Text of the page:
Because we find little merit in the arguments advanced in the Delaware case pertaining to the Schofield affidavit and the in camera proceeding before the district court, we will dispose of these two issues first and without substantial discussion. We then will turn to the more pressing issue of whether we should be the first federal Court of Appeals to recognize a parent-child privilege.

We have held that, when a subpoena for purposes of a grand jury proceeding is challenged, the government is "required to make some preliminary showing by affidavit that each item is at least relevant to an investigation being conducted by the grand jury and properly within its jurisdiction, and is not sought primarily for another purpose." In re Grand Jury Proceedings, 486 F.2d 85, 93 (3d Cir. 1973) (Schofield I); see also In re Grand Jury Proceedings, 507 F.2d 963, 966 (3d Cir.) (Schofield II) (identifying this burden of proof as a "three-pronged showing requirement"), cert. denied sub nom. Schofield v. United States, 421 U.S. 1015 (1975). This requirement stems from the Schofield cases (I and II) where the targeted defendant had refused to furnish handwriting exemplars and had refused to allow her fingerprints and photograph to be taken. We have commonly referred to such an affidavit as a Schofield affidavit. *fn9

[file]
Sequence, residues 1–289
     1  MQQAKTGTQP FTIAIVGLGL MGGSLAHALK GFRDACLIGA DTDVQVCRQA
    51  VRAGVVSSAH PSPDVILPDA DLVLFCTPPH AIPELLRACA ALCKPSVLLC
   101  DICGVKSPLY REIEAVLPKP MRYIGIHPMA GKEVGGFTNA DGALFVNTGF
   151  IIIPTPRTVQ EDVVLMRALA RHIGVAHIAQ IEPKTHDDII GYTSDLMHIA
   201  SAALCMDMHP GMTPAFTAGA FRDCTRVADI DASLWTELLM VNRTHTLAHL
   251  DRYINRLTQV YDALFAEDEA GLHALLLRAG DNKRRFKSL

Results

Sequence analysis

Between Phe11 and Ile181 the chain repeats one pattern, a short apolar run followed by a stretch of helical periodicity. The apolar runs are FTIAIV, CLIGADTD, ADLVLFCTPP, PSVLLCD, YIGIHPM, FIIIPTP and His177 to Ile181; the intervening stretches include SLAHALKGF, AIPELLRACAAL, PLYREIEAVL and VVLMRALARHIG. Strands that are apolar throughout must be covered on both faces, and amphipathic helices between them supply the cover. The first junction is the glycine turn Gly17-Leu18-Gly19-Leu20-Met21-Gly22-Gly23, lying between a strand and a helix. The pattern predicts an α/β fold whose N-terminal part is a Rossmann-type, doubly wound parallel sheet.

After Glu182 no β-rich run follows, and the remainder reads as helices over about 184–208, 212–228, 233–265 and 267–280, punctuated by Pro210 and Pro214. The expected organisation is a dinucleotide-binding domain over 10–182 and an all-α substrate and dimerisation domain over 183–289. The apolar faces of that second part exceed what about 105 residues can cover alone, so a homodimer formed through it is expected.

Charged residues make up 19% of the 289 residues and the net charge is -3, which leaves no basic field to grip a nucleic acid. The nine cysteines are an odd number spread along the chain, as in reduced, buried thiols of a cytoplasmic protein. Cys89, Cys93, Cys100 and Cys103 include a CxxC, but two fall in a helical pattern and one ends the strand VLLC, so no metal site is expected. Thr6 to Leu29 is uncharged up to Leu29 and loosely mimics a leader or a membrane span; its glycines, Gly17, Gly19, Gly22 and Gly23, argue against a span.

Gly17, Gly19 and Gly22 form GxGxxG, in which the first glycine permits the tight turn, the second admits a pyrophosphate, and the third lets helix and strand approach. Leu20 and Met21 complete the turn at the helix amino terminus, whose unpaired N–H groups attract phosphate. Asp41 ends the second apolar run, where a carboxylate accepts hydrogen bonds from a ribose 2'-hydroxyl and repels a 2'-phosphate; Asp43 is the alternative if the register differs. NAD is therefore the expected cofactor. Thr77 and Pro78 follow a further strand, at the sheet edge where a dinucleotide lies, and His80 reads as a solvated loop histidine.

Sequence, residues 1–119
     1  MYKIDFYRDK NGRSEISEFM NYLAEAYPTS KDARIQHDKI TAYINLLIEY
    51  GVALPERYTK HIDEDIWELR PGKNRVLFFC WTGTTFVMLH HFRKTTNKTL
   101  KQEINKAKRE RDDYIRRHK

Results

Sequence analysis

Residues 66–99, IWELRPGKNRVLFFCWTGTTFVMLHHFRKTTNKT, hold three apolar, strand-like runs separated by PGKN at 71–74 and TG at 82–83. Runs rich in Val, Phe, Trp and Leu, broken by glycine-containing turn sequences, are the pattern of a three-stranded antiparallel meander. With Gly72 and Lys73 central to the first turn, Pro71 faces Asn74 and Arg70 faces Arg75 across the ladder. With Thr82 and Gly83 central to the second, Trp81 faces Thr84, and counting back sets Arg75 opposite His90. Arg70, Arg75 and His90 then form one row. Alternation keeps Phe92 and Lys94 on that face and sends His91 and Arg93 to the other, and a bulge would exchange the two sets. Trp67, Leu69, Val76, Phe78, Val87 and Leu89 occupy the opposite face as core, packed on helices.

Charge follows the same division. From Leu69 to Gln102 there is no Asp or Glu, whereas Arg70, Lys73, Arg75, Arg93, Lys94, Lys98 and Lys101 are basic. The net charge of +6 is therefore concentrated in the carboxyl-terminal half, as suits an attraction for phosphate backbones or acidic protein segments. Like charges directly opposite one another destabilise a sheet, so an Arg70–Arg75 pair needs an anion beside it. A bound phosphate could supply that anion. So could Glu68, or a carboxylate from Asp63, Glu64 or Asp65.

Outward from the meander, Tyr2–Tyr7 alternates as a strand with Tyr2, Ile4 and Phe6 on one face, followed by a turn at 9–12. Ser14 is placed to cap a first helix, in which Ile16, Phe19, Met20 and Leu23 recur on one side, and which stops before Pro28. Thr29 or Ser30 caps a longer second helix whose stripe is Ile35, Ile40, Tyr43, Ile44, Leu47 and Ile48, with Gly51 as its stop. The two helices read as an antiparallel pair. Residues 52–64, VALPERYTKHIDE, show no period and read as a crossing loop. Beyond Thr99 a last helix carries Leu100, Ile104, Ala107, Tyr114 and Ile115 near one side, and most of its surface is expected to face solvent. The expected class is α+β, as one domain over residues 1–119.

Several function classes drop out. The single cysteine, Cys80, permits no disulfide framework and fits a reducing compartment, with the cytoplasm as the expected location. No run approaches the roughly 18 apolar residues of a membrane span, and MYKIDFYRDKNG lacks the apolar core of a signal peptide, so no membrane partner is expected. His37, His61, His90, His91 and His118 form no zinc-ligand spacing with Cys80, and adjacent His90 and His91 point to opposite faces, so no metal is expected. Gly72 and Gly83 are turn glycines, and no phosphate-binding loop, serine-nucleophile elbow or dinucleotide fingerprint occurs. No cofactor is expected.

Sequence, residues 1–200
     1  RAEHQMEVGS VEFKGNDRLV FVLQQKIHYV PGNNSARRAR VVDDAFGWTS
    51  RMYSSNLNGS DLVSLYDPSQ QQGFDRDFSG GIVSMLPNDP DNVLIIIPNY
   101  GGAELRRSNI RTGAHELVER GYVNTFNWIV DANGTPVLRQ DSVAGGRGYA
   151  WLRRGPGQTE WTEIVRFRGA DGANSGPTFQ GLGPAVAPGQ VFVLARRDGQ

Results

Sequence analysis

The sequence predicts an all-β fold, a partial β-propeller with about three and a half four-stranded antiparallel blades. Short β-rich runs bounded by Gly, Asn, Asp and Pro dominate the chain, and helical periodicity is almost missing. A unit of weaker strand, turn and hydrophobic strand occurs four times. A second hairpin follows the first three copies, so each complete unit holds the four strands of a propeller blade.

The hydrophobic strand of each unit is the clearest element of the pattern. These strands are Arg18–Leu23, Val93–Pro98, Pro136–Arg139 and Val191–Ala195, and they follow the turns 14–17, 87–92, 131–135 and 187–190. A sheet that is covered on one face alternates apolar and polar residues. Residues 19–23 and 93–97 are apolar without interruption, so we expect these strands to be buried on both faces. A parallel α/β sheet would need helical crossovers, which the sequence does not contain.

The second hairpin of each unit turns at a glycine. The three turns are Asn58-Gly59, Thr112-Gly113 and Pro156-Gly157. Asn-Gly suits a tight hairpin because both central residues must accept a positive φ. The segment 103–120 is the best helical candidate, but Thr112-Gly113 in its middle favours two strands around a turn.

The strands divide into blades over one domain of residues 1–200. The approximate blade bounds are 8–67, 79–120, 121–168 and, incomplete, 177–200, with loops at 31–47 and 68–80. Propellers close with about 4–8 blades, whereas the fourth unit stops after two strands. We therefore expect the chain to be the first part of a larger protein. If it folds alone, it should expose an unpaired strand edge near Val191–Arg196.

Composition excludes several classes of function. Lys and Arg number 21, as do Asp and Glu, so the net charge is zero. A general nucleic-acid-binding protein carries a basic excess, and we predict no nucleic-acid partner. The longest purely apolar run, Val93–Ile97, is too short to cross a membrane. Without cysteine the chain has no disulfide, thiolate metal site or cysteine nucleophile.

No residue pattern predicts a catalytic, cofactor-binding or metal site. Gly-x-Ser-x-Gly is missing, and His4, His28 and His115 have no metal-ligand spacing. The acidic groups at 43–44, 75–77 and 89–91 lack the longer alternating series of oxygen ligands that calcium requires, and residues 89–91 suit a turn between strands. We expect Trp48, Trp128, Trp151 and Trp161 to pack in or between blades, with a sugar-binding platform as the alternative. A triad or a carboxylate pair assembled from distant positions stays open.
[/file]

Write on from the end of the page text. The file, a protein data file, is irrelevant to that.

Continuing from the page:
Appellants in the Delaware case argue that the government's Schofield affidavit *fn10 was insufficient since it was "simply a mere recitation of the requirements, rather than a substantive document and was not sufficient to enable the District Court to properly balance the interests of the parties." Brief of Appellant Doe #1 at 21. They argue further that "The Government's affidavit does not meet. . . [the Schofield II] test. . . It is written in conclusory terms and makes no effort to state any facts at all. . . More should be required where the Government seeks to place a child in a Grand Jury proceeding..." Brief of Appellant Doe #2 at 25.